Committed: In Praise of Newbies

Without even meaning to, I’ve noticed a pattern lately of enjoying my friend's “late" adoption of comic books, science fiction, and other so-called geeky things I thought were just mine. It’s surprisingly rewarding to vicariously experience the things I love through people who are new to them. New readers' excitement about the books I have forgotten how to be surprised by, has become a wonderful way to stop taking them for granted. There are so many amazing things to enjoy that I can get jaded and forget how incredible they seemed when they were new to me. That’s why I love newcomers and even though I understand the instinct that makes some feel wary of them, it only takes letting them in a very tiny bit to feel how much their enthusiasm brings to the genre we love.

It’s been 17 years since Buffy the Vampire Slayer was a new show I loved. All my friends mocked me for watching a show for kids, or a show about a young girl beating up guys in makeup (no one else was doing it then so on the surface, at least, it sounded a bit perverse for an adult to watch), but I had so much fun that I didn’t care. By the time it finished it got so ubiquitous that even I became sick of hearing about it. Over the years I’ve liked it and watched the odd episode with friends but I had forgotten how thrilled I felt when it was new. Then my friends Jon started watching it for the first time and he decided it was remarkable enough that he needed to record the entire experience. Over the last few months I have been reading his notes and every entry reminds me of my initial excitement all over again, his observations echo my own and make me laugh at all the odd things he’s watching outside of the context of the era they were made in. I am so grateful to him for sharing his thoughts and reminding me what it feels like to be thrilled and delighted by something entirely new and absolutely hilarious.

When I was a teenager, desperately waiting for each issue of Elektra: Assassin, phoning the comic book shop each month to see if the next issue was in, I was obsessed. Over the years I’ve retained my love of the series and the various ways in which it worked for me, but I’ve learned to love it in a very different way than I did back then. Without even meaning to, I’ve learned a lot more about how it was made, the intention behind it, and the ways in which it worked for my personally at a very pivotal age. I don’t have the same blind love for it, my appreciation is explicable now and although I like understanding myself more, that makes it a little bit less magical. Then a couple of years ago my friend David Brothers picked up a new reprint of the compilation and he became a convert, telling everyone about it, dissecting it, recommending it, looking at the books Miller and Sienkiewicz produced before and after it. His enthusiasm was so new and unadulterated that it surprised me, he read something 25 years after the fact, treated it as if it were fresh and that joy was infectious.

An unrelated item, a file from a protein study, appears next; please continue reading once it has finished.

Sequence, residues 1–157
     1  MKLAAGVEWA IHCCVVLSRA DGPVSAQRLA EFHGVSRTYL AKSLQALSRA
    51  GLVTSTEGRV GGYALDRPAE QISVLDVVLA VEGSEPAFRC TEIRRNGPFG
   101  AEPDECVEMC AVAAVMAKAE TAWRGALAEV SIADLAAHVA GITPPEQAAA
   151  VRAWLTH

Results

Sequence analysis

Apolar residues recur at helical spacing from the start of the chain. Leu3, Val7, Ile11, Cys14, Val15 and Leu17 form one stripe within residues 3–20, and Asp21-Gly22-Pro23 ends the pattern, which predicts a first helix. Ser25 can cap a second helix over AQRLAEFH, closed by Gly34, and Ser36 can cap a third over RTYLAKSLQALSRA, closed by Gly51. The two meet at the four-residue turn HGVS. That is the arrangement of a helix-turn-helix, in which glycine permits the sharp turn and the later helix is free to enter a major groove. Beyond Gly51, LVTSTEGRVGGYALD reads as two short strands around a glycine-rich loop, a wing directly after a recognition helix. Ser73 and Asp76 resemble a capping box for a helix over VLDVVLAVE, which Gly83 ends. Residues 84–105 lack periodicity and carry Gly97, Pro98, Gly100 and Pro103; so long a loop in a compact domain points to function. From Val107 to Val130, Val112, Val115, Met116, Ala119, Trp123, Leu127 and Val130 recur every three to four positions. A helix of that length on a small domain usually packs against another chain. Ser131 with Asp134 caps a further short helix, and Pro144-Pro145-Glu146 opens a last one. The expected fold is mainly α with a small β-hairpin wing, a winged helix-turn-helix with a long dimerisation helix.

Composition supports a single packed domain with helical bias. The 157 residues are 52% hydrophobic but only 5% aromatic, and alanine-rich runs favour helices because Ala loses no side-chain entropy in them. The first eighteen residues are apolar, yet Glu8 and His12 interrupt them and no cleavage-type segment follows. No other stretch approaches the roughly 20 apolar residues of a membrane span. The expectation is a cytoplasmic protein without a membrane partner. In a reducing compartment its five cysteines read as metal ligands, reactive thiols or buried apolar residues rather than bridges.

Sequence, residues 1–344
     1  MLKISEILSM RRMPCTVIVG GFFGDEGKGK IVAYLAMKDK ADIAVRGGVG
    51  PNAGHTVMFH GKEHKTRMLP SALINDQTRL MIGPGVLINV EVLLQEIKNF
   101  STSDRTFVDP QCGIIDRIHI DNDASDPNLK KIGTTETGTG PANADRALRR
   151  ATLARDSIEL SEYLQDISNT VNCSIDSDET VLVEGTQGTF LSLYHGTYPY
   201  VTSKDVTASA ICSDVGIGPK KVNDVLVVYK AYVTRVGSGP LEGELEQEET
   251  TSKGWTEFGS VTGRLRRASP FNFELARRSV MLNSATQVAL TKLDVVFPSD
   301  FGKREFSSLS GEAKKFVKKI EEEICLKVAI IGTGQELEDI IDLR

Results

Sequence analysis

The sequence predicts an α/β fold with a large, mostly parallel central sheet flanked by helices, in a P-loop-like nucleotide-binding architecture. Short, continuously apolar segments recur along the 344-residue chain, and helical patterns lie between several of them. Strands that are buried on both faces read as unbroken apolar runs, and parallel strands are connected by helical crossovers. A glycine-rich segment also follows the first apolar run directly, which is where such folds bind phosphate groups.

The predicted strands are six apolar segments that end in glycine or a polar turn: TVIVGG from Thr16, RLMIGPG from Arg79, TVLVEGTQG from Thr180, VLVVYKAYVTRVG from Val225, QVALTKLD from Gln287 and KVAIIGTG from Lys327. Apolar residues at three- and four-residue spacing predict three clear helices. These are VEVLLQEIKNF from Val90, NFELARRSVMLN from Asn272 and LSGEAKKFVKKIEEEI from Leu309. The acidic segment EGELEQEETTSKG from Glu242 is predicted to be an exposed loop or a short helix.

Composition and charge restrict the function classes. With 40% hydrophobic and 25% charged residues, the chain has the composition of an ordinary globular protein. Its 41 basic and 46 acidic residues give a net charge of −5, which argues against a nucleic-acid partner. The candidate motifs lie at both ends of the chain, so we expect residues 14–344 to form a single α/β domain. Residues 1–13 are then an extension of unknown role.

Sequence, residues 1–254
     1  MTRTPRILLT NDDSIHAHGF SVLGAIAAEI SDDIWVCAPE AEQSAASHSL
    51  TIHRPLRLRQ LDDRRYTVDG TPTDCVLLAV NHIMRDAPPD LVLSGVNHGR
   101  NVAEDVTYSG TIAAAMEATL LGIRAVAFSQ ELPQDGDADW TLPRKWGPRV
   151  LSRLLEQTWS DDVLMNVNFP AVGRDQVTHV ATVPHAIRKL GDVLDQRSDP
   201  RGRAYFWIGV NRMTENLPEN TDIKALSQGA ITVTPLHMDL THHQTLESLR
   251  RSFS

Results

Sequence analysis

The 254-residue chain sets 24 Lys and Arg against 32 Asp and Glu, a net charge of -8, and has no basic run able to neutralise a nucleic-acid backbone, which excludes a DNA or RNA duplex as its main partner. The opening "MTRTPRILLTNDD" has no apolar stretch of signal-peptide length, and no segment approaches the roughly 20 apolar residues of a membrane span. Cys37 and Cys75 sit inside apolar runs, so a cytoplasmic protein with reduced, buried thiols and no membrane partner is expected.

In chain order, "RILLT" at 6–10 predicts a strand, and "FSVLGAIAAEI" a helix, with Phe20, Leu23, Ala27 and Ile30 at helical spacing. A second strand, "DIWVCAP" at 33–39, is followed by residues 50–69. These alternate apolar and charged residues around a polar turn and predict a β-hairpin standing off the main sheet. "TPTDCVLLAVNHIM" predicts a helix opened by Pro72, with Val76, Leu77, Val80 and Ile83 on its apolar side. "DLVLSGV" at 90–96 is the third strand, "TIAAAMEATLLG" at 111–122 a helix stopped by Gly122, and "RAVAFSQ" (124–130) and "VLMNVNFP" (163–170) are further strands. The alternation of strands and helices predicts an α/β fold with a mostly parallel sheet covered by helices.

Growing up I couldn’t read or tell the time when everyone else could, but a year or two after everyone else in school could, I finally learned to read. Once I could, I read everything I could get my hands on, but because I learned to late I can still remember exactly how it felt when I couldn’t. Instead of trying to read the confusing letters, I gravitated towards pictures; a more logical form of communication to me at the time. Everywhere I went I would rummage through books and magazines for the cartoons which would tell me a story. I didn’t differentiate between what was high or low art, it was fascinating to me that so much could be conveyed by each brush stroke and line. Once the world of words opened up to me and I could read the the captions which accompanied those cartoons it was just incredible. Now I will never recapture that feeling of unquestioning excitement to finally be able to read the stories and comic books I’d been poring over for so long, but I can enjoy other people’s newfound joy in it.

Last week my friend Todd asked for recommendations of female science fiction writers and I gave him a couple. Then as I saw the other recommendations flood in, I realized that I’d never got around to trying out Ursula Le Guin. I asked for a recommendation of the best book to start with, so now I’m going to get to be the newbie and try out something which everyone else discovered years ago. It’s ridiculous but I’m excited to be on this side of the fence, experiencing something widely acknowledged to be great for the first time.

A couple of weeks ago I wrote about the ways I don’t fit in with my comic book colleagues and that instigated talk about what constitutes a real comic book reader, which is a slightly different question. It’s easy to feel like an outsider when we are so passionate about a genre that people have derided. That can make us cagey about trusting newcomers, but it is their fresh excitement at the discovery which renews our own. Think of it like The Vampire Lestat, where an older vampire turns a young human every few centuries so that he can re-connect with what is happening in the world. Just because I’ve had access to comic books since I was a baby, doesn’t mean that everyone did and that’s a good thing. It means that now I get to watch other my friends get excited for the first time, and get excited with them all over again.

Once & Future #1 Is an Adventurous, Endearing Debut

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